I do not know which is better, to title this article ” I almost didn’t run or to title it ” headache is an illusion”.
So, here’s the entire story. I got a wind of the Lagos Access bank Marathon 2019 from a friend, his name is Mike. Mike came into my room around 8pm that night and said (in his usual slow, unnecessarily optimistic way) “Kene, I’m running that Access bank Marathon” . And I was like “okay” . He wasn’t telling me because he needed my permission, he was telling me because he needed a partner in crime (so to say). I knew.
So, I didn’t say more than “Okay”. I had never ran a Marathon before, I have only witnessed it on T.V.
But the next morning, I found myself wriggling into my soccer Jersey and shorts and getting kitted up. In 10 minutes, I was at the road, running, training for a race I was yet to register for. I ran a few poles and my brain woke up and started doing what it knew how to do best (conniving with the rest of my body organs to thwart my plans)…. hey, what are you doing, you are not a runner, you’re a thinker, go back home, you have never ran before, look you chest is contracting, it’s becoming difficult to breathe, they are cooking Ogbono inside your knee, hey, you could faint here, stop…… Of course everything my brain said was the truth, I could feel my heart contracting and then breathing seemed to be tougher, and yes, I was not a runner but, I was ready to be, at least for that day and for that moment. So, I ran, regardless of everything. I was practically going through the motions, one leg up and forward then down (and the upper body follows) then, the next leg up and forward and down and then repeat in quick succession and repeat again and again and never stop repeating. I was battling my brain and my heart. So, I think there’s a part of the brain that you can always convince to stick to your side. So yeah, I convinced it and it started telling me (or maybe I started telling myself) things like … You can do this, you have the strongest heart and the best brain in the world, we can pull through this.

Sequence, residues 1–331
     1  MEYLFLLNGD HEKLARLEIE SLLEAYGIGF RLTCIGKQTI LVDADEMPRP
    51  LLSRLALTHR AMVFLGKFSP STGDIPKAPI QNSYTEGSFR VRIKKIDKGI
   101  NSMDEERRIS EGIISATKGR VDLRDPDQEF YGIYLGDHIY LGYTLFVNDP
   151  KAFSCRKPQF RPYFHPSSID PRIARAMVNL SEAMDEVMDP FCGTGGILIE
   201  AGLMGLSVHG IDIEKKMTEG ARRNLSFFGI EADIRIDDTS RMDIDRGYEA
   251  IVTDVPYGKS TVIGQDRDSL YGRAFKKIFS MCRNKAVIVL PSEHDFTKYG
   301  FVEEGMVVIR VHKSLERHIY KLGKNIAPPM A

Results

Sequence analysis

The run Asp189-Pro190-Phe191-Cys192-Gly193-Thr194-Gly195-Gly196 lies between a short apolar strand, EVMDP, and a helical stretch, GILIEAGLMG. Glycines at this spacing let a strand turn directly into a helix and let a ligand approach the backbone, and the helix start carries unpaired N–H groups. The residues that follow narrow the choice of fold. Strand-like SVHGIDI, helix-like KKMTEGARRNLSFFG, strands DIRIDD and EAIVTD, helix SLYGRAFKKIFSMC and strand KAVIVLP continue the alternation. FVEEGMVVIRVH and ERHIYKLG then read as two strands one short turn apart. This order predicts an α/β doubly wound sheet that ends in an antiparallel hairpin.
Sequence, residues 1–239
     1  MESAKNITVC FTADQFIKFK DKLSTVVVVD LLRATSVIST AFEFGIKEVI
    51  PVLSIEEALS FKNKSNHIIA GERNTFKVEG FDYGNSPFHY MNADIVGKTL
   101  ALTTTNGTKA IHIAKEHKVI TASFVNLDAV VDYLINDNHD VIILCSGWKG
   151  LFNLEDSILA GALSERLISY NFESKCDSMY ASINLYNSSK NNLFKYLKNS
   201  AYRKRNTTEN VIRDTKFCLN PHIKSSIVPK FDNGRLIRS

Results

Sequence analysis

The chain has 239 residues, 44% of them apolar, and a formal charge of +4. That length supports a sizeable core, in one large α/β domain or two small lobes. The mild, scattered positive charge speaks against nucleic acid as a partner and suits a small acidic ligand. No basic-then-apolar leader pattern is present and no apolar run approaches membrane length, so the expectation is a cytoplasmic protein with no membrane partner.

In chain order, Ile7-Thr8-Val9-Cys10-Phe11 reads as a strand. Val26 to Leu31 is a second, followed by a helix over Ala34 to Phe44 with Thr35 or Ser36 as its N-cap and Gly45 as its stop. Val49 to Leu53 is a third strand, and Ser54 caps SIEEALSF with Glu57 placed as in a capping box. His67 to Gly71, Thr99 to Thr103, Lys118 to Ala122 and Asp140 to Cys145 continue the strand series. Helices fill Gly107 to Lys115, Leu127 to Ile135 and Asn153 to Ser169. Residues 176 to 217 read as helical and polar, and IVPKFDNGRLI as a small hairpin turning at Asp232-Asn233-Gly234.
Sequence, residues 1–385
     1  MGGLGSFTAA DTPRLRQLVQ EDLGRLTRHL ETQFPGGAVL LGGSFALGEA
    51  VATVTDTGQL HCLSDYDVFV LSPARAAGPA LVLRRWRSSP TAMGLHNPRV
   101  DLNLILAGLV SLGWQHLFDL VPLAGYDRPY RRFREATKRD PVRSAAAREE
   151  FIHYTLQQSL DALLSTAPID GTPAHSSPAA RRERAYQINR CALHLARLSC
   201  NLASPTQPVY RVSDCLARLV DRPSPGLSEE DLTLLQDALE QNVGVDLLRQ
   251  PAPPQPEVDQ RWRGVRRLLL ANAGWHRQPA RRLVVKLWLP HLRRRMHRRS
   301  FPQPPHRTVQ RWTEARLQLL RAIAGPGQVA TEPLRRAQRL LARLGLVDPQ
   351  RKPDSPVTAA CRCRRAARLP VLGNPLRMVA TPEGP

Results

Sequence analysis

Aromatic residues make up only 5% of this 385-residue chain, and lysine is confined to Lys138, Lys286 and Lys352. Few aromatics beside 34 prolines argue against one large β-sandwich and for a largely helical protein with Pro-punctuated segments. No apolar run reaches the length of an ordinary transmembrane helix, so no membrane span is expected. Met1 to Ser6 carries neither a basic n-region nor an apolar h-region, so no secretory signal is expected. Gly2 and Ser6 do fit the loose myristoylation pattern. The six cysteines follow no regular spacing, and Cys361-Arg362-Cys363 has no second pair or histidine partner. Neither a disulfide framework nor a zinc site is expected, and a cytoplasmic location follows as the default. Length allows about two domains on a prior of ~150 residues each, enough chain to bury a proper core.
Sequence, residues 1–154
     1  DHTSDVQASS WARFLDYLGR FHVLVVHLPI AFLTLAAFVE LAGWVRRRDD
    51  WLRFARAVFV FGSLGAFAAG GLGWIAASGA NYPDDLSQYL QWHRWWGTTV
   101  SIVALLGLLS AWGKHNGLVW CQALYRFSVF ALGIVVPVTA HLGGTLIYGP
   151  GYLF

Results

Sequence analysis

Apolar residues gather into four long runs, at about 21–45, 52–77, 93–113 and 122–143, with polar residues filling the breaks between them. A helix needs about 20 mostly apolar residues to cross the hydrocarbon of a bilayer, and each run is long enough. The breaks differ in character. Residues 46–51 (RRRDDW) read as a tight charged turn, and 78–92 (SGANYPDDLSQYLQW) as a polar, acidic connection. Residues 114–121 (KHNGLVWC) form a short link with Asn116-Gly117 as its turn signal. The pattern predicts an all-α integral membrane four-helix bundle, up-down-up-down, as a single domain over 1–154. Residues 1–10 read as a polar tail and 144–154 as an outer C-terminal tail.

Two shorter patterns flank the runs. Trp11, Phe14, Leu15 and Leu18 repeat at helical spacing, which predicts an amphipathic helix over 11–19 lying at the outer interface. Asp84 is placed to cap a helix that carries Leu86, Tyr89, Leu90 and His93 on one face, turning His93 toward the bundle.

We pulled through, I came home and tried unsuccessfully to drown my entire abdominal organs with water. Then I got around to dragging myself to the bathroom, pulled the lever and water was running down on me. At that point, I forgot I had run. All I could feel was the water washing my “sorrows” away. So, it appeared my brain lied and my heart connived with it. I didn’t faint, I didn’t die, I ran.
I checked the distance (Google maps), it was about 5.6km in all, and this was my first day. I googled up Lagos Access Bank Marathon and registered for the 10km race.
I had to intensify the training (hello, Kia Rio was more than enough motivation). By the way, I think it’s quite thought-provoking to get a car as a reward for winning a race (and it’s not even a car race), you know it’s like saying that the reward for running excellently is to not have to run again. It was interesting.
So days and weeks passed and it was a day to the race. I already knew this day was going to be stressful hence I woke up early enough (actually, Mike woke me up). We had to go and get cleared at the Local Government (yes, I am a corper). Then I had to go for the INEC training, which basically lasted for too long with he high point the training being “the signing the attendance sheet.🙄 By the time I got home, I was thoroughly tired, and with a terrible migraine. I was praying deep down that I’d be okay by morning but when morning came, I still felt the headache lingering in my mind.
nd did I tell you that I couldn’t get my bib for the race because I wasn’t around to get it and that all those who were supposed to have helped me “couldn’t”. So this morning, I knew I needed to be at the race venue early enough if I ever stood a chance at running.
Well, I was there early enough and my fear was confirmed. I was not going to get the bib there. Meanwhile, the headache still lingered.
I decided to go home. I had given up on the race. As I climbed the pedestrian’s bridge, that part of my brain that told me my heart was going to thump out of my chest got furious…..wait, you mean you’re walking home with your two left chicken legs? You mean the whole sweat and running up and down was for nothing? So, what are you going to tell everyone? And who would believe your headache story?.
I went back and ran that race. The funny thing was that once I started running, the headache disappeared. It was a really surprising thing. And by the time I was done, I was so happy with myself.
So the race ended, I got a medal, made some friends and had loads of fun! The headache, just like the chest that seemed to contract, the breathing that became difficult and the knee they were cooking Ogbono in were all illusions.